by Robin Chotzinoff
Illustration by Hillary Weber-Gale
When preparing for the Passover seder, I let a few tweaks on traditions and freedoms guide me. Freedom from bondage is the point of this beloved holiday, after all, but the Jews didn’t escape from Egypt alone; the Torah says we brought along “a mixed multitude” of all religions and races—all of whom had pressing reasons to get out. This is why I have about 100 people, Jewish and otherwise, at my backyard seder every year, and why we play mostly reggae music—the Rastafarians knew their exodus—and old-style African-American gospel (because I’ve never heard a better song for Passover than “Wade in the Water”).
\Of course, 100 people means 200 matzo balls in both chicken and vegetarian soup. It also means a raucous potluck, and I’m not talking about gelatinous macaroni salad on a paper plate, but about things far more indulgent. And while I may surrender some control over the menu as a whole, I never forget that my late father always made roast chicken, and my late sister—a wine writer—turned the obligatory four glasses into a true tasting that went from sparkling brut to deepest port. And each year, I long for the sorrel soup my Russian-Jewish relatives drank. It was cold and bright green and seemed to go directly into your veins. My grandmother pronounced it shchav and she purchased it in quart-sized mason jars from some long-gone deli.
These days, my husband grills salty-sweet salmon fillets; my daughter Gus makes macarons—no flour and with awesome Middle Eastern fillings—and I get very into the bitter-greens thing; Arugula, pansy flowers, kale, chard and spinach are still going strong in the garden. And we have an in-house version of the Haggadah (basically, the Passover script—complete with story, song lyrics and prayers—that’s read at the seder), as well. My husband and I rewrite it each year—drawing from Maimonides and Mel Brooks and Langston Hughes and the borscht-belt comedians, among many others. I’m always very proud of it.
I don’t think a seder should be solemn. No guest should worry about unwittingly breaking some sacred Jewish rule, though it’s very Jewish to argue about which rules are sacred and which are meshuggah (a Yiddish word that means exactly what it sounds like: crazy). My only Talmudic credential is the rabbinic license I got online from the Esoteric Interfaith Theological Seminary, but so what? And our seder plate—the ceremonial, often-heirloom platter that holds the symbolic foods of the Passover story—always features an unorthodox orange, a tradition dating to the early 1970s when an Orthodox rabbi allegedly stated that a female rabbi belongs in the synagogue about as much as an orange belongs on the seder plate. Seemingly overnight, every liberal Jew’s seder plate acquired an orange.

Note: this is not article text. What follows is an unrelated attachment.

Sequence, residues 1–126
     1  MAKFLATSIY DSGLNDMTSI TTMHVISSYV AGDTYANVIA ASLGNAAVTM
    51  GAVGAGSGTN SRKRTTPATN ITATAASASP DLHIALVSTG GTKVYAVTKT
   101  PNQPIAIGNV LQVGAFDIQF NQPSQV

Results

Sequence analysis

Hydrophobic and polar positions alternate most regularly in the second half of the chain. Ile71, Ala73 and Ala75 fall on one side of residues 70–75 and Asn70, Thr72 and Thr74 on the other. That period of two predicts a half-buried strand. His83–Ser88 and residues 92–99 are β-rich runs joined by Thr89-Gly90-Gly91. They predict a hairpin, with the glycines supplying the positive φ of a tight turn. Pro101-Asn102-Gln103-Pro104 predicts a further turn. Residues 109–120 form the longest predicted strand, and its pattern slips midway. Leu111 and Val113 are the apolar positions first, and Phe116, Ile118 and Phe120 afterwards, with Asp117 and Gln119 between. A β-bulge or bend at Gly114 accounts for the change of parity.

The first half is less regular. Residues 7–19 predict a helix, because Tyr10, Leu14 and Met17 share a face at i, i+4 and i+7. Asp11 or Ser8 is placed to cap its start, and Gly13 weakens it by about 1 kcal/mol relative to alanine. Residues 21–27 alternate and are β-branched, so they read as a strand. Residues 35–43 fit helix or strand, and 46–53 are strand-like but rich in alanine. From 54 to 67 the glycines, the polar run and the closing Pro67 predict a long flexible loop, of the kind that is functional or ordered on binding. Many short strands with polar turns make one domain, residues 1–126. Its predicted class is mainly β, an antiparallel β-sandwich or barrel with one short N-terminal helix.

The seder is a reliving of the escape from slavery into freedom that anyone can relate to, and I believe it’s meant to be shared with all types of people in a hedonistic, downright indulgent atmosphere—as in: Once we were slaves, now we’re reclining like Roman big shots in padded chairs, drinking umpteen glasses of wine, eating all the best springtime foods and singing. We are commanded to welcome the “stranger in our midst” more now than any other time of year, and the sentiment ought to be as Isaiah said, “Come, let us reason together,” and let’s do it about this matter of freedom, which somewhere nearby, is not going the way it should. And let’s wrap up by raising a glass with this toast that’s older than the leftover matzo in my cupboard:
“THEY TRIED TO KILL US, WE WON, LET’S EAT!”
PERMIT ME NOW TO EXPLICATE THE MEANING OF THE SEDER PLATE
by Robin Chotzinoff
The egg, it is round, the egg, it is springy.
Life is a circle and that sort of thingy.
Charoset is here to represent glue
Which was spread into idols by some ancient Jew.
A miserable job! No need to tell you!
The bone that you see is the shank of a lamb
To remind us of lamb blood spread thicker than jam
On the doors of the Jews, so that Death would go scram.
The Matzoh appears at each Passover season
To show us flat bread, the usual reason.
We eat these here herbs and we dip them in brine
Because bondage ain’t blissful and life is unfine.
And finally the orange. This one is great!
The feminist jewel of the whole seder plate.
Once orthodox pundits grew kvetchy and crabbi
At the thought that a woman could serve as a rabbi.
On a bimah a woman should never appear
Anymore than some citrus on this plate right here!
So fine! We’ve put oranges here since that day
And women all over are rabbis. Hooray!